Swans Commentary » swans.com November 5, 2007  



The Inexorable March Into Iran
American People's Forgivable Irresponsibility


by Gilles d'Aymery





      "Why, of course, the people don't want war," Goering shrugged. "Why would some poor slob on a farm want to risk his life in a war when the best that he can get out of it is to come back to his farm in one piece. Naturally, the common people don't want war; neither in Russia nor in England nor in America, nor for that matter in Germany. That is understood. But, after all, it is the leaders of the country who determine the policy and it is always a simple matter to drag the people along, whether it is a democracy or a fascist dictatorship or a Parliament or a Communist dictatorship."
      "There is one difference," I pointed out. "In a democracy the people have some say in the matter through their elected representatives, and in the United States only Congress can declare wars."
      "Oh, that is all well and good, but, voice or no voice, the people can always be brought to the bidding of the leaders. That is easy. All you have to do is tell them they are being attacked and denounce the pacifists for lack of patriotism and exposing the country to danger. It works the same way in any country."

—Hermann Wilhelm Göring in a conversation with Dr. Gustave M. Gilbert, Nuremberg, April 18, 1946 (see Nuremberg Diary, New York: Farrar, Straus and Giroux, New York, June 1947, ISBN 0374223519 - pp. 278-279).


(Swans - November 5, 2007)  Unfathomably, Iran tops the chart of all the countries viewed by the American people as the biggest threat to the U.S., ahead of the perennial culprits -- China, Iraq, and North Korea, soon to be rejoined by the old scarecrow of yesteryears, Russia. If Iran develops the bomb, the American people in their overwhelming majority believe that Iran will attack Israel, Europe, or the United States. They further believe that Iran will provide terrorist organizations with some sort of nuclear device to attack the U.S. Not surprisingly, a majority of likely voters support a military strike against Iran and believe it will happen before the end of the Bush administration on January 20, 2009. But no worries, 30 senators have signed a letter telling Mr. Bush he had no congressional authorization to attack Iran, and the administration steadfastly repeats that the president wants diplomacy to work with the help of our friends and allies. The corporate media, meanwhile, keep ringing the alarm bells -- the Iranians are coming, the Iranians are coming! -- and the antiwar forces, or what remains of them, are increasingly being muffled by the forces of Law and Order.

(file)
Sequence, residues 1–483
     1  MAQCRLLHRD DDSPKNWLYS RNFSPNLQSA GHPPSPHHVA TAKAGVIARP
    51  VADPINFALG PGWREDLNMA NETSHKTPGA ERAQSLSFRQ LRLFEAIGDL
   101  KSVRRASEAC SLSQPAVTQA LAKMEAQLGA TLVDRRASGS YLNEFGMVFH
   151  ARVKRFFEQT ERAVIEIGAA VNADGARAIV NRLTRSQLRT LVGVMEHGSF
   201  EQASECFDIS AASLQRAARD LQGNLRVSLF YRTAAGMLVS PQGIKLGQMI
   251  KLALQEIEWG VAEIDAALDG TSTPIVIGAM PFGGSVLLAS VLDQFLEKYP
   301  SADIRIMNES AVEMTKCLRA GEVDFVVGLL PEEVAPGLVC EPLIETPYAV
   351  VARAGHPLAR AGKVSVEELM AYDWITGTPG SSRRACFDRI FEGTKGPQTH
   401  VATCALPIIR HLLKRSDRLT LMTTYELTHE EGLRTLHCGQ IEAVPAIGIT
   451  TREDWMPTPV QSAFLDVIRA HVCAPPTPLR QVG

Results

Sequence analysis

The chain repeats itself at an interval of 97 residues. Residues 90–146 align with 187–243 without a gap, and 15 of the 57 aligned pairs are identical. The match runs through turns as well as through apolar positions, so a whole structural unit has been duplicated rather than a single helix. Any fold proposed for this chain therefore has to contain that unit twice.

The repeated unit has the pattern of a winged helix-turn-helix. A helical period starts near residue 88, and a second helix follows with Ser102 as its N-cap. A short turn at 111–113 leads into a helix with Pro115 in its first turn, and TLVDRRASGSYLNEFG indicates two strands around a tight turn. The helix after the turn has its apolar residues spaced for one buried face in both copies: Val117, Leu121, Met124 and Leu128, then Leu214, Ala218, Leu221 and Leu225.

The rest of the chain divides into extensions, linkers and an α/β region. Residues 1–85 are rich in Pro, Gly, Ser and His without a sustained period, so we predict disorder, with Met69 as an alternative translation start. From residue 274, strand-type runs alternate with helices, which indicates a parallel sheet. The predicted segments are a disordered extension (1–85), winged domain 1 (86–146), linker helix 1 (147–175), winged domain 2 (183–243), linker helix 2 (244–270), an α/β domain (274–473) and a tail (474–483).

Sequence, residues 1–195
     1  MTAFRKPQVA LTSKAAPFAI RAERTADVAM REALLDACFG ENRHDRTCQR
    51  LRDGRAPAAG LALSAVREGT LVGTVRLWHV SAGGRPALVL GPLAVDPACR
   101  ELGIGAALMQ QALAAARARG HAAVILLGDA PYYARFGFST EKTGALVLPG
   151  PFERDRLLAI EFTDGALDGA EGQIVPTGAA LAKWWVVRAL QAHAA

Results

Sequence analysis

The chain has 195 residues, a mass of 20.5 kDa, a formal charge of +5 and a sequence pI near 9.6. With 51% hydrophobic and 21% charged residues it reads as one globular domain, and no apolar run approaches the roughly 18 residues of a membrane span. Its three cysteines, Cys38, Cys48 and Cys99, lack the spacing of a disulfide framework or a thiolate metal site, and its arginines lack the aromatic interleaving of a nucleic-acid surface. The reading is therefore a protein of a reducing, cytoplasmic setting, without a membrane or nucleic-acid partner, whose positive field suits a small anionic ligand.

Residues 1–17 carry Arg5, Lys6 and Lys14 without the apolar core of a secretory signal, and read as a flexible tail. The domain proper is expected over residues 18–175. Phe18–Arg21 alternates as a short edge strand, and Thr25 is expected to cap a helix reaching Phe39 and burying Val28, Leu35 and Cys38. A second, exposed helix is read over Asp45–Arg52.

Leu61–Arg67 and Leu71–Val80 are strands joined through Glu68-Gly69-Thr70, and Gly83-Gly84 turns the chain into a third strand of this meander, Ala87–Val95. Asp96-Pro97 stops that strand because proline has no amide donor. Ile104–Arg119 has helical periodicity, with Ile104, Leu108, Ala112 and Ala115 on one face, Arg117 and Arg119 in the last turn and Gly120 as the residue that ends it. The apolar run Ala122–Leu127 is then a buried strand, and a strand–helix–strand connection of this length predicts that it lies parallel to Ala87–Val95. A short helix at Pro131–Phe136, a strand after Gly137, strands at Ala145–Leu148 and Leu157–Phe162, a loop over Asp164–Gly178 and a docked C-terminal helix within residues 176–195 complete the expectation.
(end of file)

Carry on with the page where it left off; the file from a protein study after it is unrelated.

First and foremost it should be noted that as abundantly explained in "Propaganda: Then and Now" (Swans, November 12, 2001) propaganda does indeed work. "Propaganda means repetition and more repetition!" Joseph Goebbels, the Reich Minister for Popular Enlightenment and Propaganda in Nazi Germany, used to say. "Nuclear Holocaust," "World War III," "Israel wiped off the map," "mushroom clouds," "the new Hitler," "this is 1938," "state-sponsor of terrorist organizations," "killing American troops through proxy militias," "arming and training the terrorists," "irrational mullahs," "islamofascists," "financing and training Hezbollah and Hamas," and all combinations therein repeated ad nauseam on cable and network news programs, in the written press, the blogosphere, the Congress, and in hundreds of position papers from countless think tanks right, left, and center. Even the humanitarian hordes are on board to defend women's rights and freedom of the press; supposedly, the anarcho-libertarian left is falling back on their sempiternal "neither-nor" position that they used so fruitfully with Milosevic and Saddam Hussein: Neither Mahmoud Ahmadinejad nor the U.S. It looks eerily like the fall of 2002 all over again.

It may be disappointing to observe the American people being taken for another wild destructive ride, but in their defense, that's all they hear. Göring was right on mark, "it is always a simple matter to drag the people along." That the people have turned against the Iraq War, yet 41 percent still "believe" that Saddam Hussein's Iraq was behind 9/11, ought to be viewed as simple forgivable irresponsibility. They don't know because they are not being told (or are actually being fed falsehoods and disinformation), aren't naturally curious, and are quite possibly the most insecure people on the surface of the globe. Fear is the common denominator of the American psyche all the way back to the first colonies in the 1700s and the birth of the nation. Enemies are always looming behind dark, dangerous, smoky clouds to take their life, liberty, and pursuit of [material] happiness away from them. Imbued with a sense of innate goodness, permeated by pseudo-religions, infused with the conviction that America is the best country in the world, any dissenting views or oppositions are inevitably deemed a sign of evil. Evil roams the world, envious of our freedoms and way of life, always seeking to destroy America, the last best hope on planet Earth. Our god-given right, besides going to the Mall, is first and foremost to defend ourselves against the dragons that wish to set us afire, with or without the help of our ever-changing friends and allies.